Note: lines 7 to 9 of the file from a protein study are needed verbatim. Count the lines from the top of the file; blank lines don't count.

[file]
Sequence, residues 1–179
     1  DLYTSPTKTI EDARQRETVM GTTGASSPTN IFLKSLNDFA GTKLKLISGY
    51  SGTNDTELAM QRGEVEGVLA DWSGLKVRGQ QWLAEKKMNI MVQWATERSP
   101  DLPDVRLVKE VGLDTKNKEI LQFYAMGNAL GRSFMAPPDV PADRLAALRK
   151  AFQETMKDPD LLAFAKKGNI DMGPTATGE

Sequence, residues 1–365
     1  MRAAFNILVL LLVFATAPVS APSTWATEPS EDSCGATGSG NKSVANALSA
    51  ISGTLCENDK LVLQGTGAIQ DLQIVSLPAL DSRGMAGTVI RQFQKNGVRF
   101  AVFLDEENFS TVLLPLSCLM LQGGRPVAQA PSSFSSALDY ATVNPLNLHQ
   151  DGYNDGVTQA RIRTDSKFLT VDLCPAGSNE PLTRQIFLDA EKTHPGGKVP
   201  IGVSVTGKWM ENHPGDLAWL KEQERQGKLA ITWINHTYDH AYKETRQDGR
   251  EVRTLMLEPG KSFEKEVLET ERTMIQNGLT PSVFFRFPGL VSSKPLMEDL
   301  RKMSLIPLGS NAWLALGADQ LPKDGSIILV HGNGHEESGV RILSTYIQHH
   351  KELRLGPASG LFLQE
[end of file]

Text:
     1  MRAAFNILVL LLVFATAPVS APSTWATEPS EDSCGATGSG NKSVANALSA
    51  ISGTLCENDK LVLQGTGAIQ DLQIVSLPAL DSRGMAGTVI RQFQKNGVRF
   101  AVFLDEENFS TVLLPLSCLM LQGGRPVAQA PSSFSSALDY ATVNPLNLHQ